On Monday we took on the task of baking with groups of 25 twelve year olds who have very little experience baking.  They were afraid of the hand mixer, each trying to make a different student use it instead.  Japan also bakes by grams rather than cups, so we had to weigh all of the ingredients.  We only had one egg casualty though, which I consider a success.  The students rolled out the dough on to wax paper, and then we had to transport it across the room (on cutting boards since there was only ONE cookie sheet) and line the cookies up to be baked.  We made a total of six batches in all, two in each class.  Here is the oven we used to bake them.

Yes, that is an oven the size of a microwave, used to bake 250 cookies.  It took about five hours to bake all of them, as we could only bake about 12 at a time.  Needless to say, I spent the entire day rotating the batches of cookies.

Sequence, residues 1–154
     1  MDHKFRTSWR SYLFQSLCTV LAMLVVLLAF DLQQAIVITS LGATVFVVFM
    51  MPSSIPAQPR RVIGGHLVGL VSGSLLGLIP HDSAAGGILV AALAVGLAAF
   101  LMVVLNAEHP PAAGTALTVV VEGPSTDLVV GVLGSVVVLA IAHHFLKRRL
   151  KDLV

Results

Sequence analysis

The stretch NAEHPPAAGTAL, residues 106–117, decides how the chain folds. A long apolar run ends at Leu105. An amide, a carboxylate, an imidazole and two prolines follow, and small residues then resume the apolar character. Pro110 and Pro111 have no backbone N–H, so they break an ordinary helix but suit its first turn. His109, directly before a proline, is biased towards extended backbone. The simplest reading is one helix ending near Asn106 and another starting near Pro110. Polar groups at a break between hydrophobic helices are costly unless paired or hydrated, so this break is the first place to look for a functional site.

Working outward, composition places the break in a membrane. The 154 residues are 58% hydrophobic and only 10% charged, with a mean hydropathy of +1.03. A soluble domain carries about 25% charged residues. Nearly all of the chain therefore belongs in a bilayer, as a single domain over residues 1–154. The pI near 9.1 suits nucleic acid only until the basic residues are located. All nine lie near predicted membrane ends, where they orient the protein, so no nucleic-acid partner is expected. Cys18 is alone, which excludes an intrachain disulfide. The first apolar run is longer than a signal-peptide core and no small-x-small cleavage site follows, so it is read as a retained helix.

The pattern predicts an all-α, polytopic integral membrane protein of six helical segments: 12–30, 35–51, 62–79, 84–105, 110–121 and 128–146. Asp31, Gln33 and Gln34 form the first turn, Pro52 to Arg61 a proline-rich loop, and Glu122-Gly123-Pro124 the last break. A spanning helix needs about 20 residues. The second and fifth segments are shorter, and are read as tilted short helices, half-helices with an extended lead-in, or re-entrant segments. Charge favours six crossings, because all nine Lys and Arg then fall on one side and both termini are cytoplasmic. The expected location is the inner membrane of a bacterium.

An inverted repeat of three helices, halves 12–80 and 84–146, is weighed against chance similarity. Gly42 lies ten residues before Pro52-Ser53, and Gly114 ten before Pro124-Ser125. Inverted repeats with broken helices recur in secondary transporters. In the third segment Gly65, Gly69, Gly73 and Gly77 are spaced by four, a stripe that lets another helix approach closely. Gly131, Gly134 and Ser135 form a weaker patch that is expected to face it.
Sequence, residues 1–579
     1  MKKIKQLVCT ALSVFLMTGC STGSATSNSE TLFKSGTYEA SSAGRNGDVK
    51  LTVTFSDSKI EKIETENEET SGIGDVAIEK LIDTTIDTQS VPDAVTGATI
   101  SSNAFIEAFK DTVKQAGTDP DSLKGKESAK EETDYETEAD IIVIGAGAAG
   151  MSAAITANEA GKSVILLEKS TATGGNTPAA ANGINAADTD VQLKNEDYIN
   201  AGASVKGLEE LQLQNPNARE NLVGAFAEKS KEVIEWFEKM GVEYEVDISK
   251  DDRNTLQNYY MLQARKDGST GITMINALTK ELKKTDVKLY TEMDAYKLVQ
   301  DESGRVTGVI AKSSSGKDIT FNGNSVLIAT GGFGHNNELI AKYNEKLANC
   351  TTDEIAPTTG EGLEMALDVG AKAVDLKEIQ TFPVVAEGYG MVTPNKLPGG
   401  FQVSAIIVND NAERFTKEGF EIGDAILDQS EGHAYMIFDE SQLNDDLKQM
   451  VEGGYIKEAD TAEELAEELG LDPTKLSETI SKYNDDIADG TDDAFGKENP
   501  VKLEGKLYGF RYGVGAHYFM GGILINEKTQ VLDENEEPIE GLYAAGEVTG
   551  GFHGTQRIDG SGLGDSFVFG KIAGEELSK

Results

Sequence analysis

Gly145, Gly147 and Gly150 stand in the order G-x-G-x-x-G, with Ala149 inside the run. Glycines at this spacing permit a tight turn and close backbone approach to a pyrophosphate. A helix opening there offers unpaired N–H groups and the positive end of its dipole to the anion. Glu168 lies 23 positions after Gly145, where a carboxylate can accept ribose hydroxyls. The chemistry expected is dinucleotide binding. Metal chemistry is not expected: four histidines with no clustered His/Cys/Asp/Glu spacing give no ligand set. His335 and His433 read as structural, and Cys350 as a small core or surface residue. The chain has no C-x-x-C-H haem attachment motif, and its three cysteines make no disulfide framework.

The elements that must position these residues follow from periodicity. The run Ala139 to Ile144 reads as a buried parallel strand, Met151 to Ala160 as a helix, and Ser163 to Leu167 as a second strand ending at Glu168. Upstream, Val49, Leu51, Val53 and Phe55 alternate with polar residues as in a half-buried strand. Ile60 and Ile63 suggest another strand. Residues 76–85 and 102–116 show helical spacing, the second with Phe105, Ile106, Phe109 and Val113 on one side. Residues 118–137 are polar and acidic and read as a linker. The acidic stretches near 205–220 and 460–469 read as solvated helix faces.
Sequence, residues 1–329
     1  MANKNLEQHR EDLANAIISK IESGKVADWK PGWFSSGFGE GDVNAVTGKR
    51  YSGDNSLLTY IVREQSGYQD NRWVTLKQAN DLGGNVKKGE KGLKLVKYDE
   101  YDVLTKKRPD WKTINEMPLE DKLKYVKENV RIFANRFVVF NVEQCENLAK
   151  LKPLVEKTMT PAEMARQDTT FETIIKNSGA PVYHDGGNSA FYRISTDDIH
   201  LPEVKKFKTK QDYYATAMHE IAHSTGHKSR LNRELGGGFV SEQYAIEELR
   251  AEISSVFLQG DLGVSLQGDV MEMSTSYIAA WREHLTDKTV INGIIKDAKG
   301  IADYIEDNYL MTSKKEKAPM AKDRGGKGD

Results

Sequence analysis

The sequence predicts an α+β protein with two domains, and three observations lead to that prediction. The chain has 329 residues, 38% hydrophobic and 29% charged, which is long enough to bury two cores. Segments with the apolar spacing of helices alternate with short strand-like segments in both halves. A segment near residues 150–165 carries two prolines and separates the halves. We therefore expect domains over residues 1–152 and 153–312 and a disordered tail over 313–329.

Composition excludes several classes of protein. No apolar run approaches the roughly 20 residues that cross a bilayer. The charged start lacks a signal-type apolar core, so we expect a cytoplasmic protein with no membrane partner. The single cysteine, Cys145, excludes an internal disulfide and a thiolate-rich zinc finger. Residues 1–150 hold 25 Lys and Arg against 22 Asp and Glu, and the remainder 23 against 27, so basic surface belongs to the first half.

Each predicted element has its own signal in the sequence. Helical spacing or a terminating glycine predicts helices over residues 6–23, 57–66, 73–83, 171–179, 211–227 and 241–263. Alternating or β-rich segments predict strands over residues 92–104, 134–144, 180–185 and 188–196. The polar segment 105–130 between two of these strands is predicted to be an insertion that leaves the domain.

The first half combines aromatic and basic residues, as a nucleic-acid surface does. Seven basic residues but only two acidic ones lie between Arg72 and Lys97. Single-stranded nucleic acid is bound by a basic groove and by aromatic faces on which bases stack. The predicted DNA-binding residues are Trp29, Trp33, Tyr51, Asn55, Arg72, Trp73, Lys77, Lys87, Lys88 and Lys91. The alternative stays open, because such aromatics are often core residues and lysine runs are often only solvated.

On Tuesday, we rearranged the schedule so that we could have class with the sixth graders again.  We ate the cookies with hot black tea.  Apparently black tea is the common drink to have with cookies, especially cookies that are sweet, and they considered these VERY sweet.  The twelve year olds were exclaiming that they were sweet -- now that's something that doesn't happen in America.  It's funny because in America peanut butter cookies are some of the least sweet, and these seemed a little bland to me; it's funny how your pallet adapts to what flavors you are used to.  As we had cookies and tea, we watched videos that were taken of the students when they were in second grade.  They said their name, age, something they liked, and something they didn't like.  The kids squealed as they saw themselves and their friends, and many were embarrassed when their video came on, putting their heads on their desk or even running to hide in the closet.  It was a lot of fun, and the videos were so cute!